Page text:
It’s always important that local payments are done via proper channels, that adequate receipts are obtained, and to ensure compliance with regulations such as the Foreign Corrupt Practices Act (FCPA) and UK Bribery Act 2010. It’s also important to know who you’re paying and for what specified services. Having you ground handler or trip support provider handle these payments, and collection of compliant receipts, helps operators maintain compliance for their operations.
9. Additional Reading: Services at Remote Locations – Series Index
Note: Links will be updated as articles are published.
It’s always important to work closely with your trip support provider and local ground handler in order to ensure adequate and no-delay services at remote destinations. Whenever possible, avoid traveling with large amounts of cash. Despite assorted credit challenges at many airport locations your handler and trip support provider will find ways to arrange local credit, given sufficient advance notice.
If you have any questions about this article or would like assistance planning your next trip to remote locations, contact me at email@example.com.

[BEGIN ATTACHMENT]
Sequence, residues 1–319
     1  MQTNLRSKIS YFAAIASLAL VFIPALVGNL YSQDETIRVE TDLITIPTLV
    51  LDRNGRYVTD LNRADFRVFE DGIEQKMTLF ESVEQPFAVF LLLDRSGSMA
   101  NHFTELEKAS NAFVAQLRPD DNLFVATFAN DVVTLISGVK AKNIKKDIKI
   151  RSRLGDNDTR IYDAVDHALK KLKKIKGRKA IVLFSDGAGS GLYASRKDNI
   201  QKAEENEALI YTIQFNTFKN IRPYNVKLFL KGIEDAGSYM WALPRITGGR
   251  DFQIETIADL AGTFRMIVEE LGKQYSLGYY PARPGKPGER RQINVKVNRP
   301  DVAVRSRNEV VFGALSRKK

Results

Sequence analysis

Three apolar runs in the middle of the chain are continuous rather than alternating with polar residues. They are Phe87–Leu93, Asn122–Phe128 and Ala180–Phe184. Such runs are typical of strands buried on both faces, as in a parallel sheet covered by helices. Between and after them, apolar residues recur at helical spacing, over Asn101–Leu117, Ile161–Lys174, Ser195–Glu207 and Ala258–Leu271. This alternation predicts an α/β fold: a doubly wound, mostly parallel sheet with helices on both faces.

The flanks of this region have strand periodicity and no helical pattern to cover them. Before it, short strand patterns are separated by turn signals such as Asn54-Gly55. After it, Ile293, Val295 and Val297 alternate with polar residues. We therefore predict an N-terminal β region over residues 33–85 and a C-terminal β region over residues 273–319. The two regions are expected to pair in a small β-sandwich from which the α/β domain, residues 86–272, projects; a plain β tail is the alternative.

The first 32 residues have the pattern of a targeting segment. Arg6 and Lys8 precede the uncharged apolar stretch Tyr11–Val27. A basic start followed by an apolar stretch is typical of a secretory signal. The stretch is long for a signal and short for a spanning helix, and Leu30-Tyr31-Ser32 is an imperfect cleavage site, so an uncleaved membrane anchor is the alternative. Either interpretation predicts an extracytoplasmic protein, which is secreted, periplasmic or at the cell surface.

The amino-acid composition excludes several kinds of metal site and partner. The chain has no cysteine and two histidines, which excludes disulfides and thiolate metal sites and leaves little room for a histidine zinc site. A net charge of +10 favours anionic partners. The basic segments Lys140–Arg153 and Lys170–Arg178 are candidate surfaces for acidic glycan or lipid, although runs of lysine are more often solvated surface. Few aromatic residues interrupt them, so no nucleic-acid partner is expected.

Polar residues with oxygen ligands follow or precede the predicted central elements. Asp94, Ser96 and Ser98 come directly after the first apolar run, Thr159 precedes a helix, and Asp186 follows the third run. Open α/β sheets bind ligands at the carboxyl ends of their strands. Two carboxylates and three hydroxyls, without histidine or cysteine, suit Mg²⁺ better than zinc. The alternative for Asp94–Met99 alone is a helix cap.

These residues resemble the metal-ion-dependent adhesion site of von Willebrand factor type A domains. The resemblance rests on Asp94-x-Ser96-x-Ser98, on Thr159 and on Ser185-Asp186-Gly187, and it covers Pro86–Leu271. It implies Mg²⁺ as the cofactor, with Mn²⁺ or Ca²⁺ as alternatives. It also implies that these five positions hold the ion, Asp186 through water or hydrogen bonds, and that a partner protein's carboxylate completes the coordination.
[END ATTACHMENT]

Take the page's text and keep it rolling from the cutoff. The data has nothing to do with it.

Stay tuned for Part 3, which covers information on special considerations for ground handling at remote locations.
Category : Best Practice
About Greg Linton
Greg Linton, Manager of the Echo and Large Aircraft Team, is known as a solutions-oriented problem solver. He’s also known as an expert on operations around the globe, particularly to Europe, Africa and China. Since joining Universal in 2000, Greg has facilitated more than 9,100 trip legs. He has represented Universal at numerous industry tradeshows and conventions including the European Business Aviation Association Conference & Exhibition and the National Business Aviation Association Conference. Greg has also been interviewed for and contributed articles to many industry publications. Prior to joining Universal, Greg served as an aircraft maintenance administration supervisor in the United States Marine Corps. Greg holds a bachelor’s degree in aviation management. He can be reached at firstname.lastname@example.org.